Land use, public spaces, and transportation issues have concrete ramifications for transgender residents.
On Transgender Day of Visibility, I ask Philadelphia: what is the point of visibility if there is no space afforded for transgender people? It is a setup for failure, making transgender individuals an easy mark for predatory behavior and physical violence. The city has seen several high-profile injuries (Kendall Stephens) and deaths (Dominique “Rem’mie” Fells, Mia Green) in public spaces last year, while more go unreported. On a smaller scale, 31% of transgender Americans have experienced mistreatment in the public sphere. This is not the kind of visibility that I want for my brethren. We are more than statistics or tombstones or accessories.
Being transgender is the manifestation of self-determination. It is the ability to know oneself and explore possibilities outside of what has been predetermined by society and physicality. As people change and grow based on imagination and new information, a city also has the ability to change to accommodate residents and make itself anew. Cities are created solely by human hands and imagination, a site of flux. Transgender individuals move to cities to create community with each other. Taking up physical space is what allows communities to exist in urban environments.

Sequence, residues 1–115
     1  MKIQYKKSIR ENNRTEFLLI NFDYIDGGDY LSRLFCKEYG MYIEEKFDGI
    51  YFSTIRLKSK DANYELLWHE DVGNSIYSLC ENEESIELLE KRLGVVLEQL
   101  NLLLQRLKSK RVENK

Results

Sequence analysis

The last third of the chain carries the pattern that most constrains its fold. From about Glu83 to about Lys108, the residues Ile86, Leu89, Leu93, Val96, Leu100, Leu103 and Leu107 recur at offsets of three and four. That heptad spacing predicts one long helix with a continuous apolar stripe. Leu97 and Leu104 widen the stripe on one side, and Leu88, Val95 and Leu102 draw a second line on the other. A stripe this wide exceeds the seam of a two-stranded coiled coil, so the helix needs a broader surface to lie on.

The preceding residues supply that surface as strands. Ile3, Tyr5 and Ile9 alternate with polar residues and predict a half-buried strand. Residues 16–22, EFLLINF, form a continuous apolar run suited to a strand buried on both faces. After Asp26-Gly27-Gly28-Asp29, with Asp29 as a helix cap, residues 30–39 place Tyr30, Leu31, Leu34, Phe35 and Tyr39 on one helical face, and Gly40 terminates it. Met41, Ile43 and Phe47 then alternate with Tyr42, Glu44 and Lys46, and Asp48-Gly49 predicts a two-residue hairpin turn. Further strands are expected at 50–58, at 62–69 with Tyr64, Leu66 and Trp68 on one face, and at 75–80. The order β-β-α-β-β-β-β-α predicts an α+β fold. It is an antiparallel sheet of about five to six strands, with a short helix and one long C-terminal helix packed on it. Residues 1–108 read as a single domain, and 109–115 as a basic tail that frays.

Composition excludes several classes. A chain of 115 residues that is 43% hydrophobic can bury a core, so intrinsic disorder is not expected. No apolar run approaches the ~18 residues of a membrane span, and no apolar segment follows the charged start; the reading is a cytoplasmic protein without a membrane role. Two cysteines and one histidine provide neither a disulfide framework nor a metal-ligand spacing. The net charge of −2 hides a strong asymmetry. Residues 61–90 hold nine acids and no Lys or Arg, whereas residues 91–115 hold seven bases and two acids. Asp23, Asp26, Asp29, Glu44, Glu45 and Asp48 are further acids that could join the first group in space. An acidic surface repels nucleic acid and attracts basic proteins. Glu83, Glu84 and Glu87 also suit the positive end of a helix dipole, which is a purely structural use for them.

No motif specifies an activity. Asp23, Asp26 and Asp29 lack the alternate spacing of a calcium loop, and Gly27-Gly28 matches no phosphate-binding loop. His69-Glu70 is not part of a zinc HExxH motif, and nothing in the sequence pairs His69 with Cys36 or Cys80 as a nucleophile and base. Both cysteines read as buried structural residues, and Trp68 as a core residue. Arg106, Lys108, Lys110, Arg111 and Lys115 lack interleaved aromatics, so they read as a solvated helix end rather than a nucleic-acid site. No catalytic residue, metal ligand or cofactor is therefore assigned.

I cannot claim that policy change will result in the liberation of transgender people from oppressive forces. However, thoughtful modification of land usage and changing attitudes, coupled with policy work, will afford transgender Philadelphians the ability to safely take up space. In my vision, one can take the bus to work without losing time or pay. One can take the trolley to the doctor's office without crowding or dealing with steps. One can stroll the neighborhood and meet with friends without harassment. One can lay their head down in the comfort of their bed instead of the alleyway. The streets to march in will be ready for feet and canes and wheels.
Survival is not good enough—we aim to flourish.